15:08: “When we talk about US-China climate engagement, we are talking about an issue that is larger than the environment. We are talking about essentially the biggest challenge of our time from a geo-political point of view.” 

39:35: “[Domestic coal power plant construction] does not make environmental sense of course. It does not make climate sense because it will just add more carbon emissions to the atmosphere. Most importantly it does not make economic sense anymore, and this is the key difference between now and a few years ago. The reason why those coal power plants will become stranded assets is that the country has already managed to get more coal power fleet than it needs.”

Alex Wang

20:26: “I would love to see if China in the near-term can implement more specific targets: carbon caps, tougher ramp-downs on coal, removals of any policies that will create perverse incentives. Early draft rules on the carbon trading market in China suggest some possibility of subsidies for efficient coal, which is not what we want when we’re heading towards a world of carbon neutrality. In the US we’re in a very exciting time. We have an administration that’s talking about climate change and embedding climate change in areas that are not only environmental: bringing all parts of the government in and potentially creating a national climate council… Maybe building institutions that are climate oriented will help sustain [global climate action] throughout subsequent administrations.”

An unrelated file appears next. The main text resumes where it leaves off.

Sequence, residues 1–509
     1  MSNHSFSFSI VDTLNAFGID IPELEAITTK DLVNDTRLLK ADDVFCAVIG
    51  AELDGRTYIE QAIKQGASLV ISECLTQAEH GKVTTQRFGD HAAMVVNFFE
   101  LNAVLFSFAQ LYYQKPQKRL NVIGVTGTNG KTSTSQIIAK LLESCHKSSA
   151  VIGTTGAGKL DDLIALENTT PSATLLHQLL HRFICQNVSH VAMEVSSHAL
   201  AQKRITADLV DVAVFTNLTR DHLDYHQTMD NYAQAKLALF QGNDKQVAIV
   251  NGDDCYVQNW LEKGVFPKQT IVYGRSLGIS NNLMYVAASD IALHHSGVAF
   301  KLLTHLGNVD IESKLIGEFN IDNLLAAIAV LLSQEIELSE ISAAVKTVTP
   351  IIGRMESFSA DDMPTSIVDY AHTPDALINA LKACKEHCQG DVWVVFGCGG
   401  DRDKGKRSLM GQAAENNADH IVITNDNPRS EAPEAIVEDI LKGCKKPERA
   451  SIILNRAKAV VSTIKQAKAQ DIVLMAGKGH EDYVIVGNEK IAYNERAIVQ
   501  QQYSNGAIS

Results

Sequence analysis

34:23: “There is much more support [in the US] for global climate action than most people realise… There was aPew poll on this about half a year ago that says two-thirds of Americans think the government needs to do more on climate change, 83% of Americans support alternative energy. More than half of Republicans support a variety of policies. It’s worth emphasising that point.”